Google’s photo software is about to get upgraded…
Stanford professor and iPhone Camera app developer Marc Levoy is going to Google for two years according to his Stanford bio page:
I will be on part-time leave of absence from June 2011 through June 2013, to pursue a project at Google.
This stint at Google won’t be his first. He co-designed the Google book scanner and launched Google’s Street View project.
Levoy’s current interests include light fields, optical microscopy, and computational photography – meaning computational imaging techniques that extend the capabilities of digital photography. Levoy’s recent research focuses on camera applications.
My research has recently focused on making cameras programmable. One concrete outcome of this project is our Frankencamera architecture, published in this SIGGRAPH 2010 paper. To help me understand the challenges of building photographic applications for a mobile platform, I tried writing a cell phone app myself. The result is SynthCam. By capturing, tracking, aligning, and blending a sequence of video frames, the app makes the near-pinhole aperture on an iPhone camera act like the large aperture of a single-lens-reflex (SLR) camera. This includes the SLR’s shallow depth of field and resistance to noise in low light. The app is available for $0.99 in the iTunes app store. I don’t expect to get rich from this app, but I learned a lot by writing it, and yes – seeing it appear in the app store was a thrill. Here are a few of my favorite reviews of the app: MIT Technology Review, WiReD.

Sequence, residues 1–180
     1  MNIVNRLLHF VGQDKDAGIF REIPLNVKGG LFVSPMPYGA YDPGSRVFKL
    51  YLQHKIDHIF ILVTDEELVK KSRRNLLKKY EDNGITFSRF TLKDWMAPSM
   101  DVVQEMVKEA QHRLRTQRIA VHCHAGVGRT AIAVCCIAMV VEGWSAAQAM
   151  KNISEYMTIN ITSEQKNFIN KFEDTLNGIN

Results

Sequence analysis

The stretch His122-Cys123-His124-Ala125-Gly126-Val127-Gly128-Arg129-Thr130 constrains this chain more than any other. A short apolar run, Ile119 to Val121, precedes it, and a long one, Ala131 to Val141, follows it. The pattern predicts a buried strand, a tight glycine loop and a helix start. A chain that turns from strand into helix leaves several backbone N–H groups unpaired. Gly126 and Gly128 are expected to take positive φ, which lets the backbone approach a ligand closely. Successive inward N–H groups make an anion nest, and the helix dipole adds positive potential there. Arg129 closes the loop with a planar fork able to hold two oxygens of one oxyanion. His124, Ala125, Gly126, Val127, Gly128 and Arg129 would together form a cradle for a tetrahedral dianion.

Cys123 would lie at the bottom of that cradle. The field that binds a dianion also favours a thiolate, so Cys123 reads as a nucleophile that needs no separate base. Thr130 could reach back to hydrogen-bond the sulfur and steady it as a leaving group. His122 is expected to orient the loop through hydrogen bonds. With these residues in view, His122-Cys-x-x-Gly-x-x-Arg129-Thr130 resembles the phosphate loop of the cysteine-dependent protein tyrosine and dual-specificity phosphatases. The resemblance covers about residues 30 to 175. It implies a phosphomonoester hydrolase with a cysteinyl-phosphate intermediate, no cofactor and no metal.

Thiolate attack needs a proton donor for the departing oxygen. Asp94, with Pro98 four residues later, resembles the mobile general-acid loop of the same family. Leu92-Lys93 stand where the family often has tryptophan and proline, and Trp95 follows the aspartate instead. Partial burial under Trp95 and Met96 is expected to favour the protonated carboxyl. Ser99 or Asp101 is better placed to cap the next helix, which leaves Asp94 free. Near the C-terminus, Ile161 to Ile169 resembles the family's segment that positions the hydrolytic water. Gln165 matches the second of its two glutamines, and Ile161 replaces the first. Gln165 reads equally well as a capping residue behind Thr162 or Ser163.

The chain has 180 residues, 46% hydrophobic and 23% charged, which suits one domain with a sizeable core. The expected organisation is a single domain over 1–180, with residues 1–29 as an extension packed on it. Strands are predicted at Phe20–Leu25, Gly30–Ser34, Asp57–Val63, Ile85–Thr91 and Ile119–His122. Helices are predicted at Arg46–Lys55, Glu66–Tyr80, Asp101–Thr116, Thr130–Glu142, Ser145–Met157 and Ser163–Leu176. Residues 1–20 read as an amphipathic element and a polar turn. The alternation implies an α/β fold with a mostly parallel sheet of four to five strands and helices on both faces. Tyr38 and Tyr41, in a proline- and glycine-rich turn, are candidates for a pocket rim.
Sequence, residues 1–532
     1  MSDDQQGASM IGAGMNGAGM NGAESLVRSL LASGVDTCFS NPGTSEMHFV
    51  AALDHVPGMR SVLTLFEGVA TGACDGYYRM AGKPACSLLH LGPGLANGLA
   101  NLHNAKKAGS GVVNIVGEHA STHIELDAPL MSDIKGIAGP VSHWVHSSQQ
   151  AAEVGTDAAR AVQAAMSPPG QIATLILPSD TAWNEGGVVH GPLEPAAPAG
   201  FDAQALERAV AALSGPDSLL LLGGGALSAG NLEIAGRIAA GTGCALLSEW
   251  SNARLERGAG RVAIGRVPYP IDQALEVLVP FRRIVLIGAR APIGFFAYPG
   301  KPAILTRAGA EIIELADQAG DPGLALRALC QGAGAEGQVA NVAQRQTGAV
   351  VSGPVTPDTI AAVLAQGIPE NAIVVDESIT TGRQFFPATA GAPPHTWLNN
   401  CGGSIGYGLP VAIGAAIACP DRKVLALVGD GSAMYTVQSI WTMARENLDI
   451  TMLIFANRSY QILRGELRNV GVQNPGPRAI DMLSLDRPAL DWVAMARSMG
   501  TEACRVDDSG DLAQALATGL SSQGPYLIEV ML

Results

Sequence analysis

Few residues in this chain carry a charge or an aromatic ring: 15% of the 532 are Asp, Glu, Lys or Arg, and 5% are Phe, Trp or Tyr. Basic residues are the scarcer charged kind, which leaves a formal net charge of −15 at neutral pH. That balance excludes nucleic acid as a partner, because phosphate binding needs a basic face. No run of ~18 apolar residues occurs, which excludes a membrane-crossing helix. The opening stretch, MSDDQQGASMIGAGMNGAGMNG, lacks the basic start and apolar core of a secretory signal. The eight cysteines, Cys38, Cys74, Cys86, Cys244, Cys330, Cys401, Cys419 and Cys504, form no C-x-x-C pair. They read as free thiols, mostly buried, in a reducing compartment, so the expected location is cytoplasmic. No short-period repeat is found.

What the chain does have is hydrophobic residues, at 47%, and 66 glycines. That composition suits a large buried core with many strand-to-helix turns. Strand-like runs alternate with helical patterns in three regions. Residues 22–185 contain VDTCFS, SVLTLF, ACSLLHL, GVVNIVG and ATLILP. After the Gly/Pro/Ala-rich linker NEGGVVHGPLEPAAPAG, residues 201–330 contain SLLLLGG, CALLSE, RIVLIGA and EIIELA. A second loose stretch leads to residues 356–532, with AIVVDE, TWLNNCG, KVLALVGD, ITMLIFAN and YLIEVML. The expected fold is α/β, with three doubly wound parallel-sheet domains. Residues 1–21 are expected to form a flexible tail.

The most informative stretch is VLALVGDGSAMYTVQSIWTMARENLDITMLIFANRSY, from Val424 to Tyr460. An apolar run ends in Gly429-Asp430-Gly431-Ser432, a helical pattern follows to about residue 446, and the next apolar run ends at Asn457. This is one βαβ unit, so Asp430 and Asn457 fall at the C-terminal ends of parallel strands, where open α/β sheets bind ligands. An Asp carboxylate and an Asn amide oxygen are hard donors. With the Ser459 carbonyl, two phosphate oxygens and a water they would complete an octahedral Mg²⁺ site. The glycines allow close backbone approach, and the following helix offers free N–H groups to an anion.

What’s Levoy going to be working on at Google?
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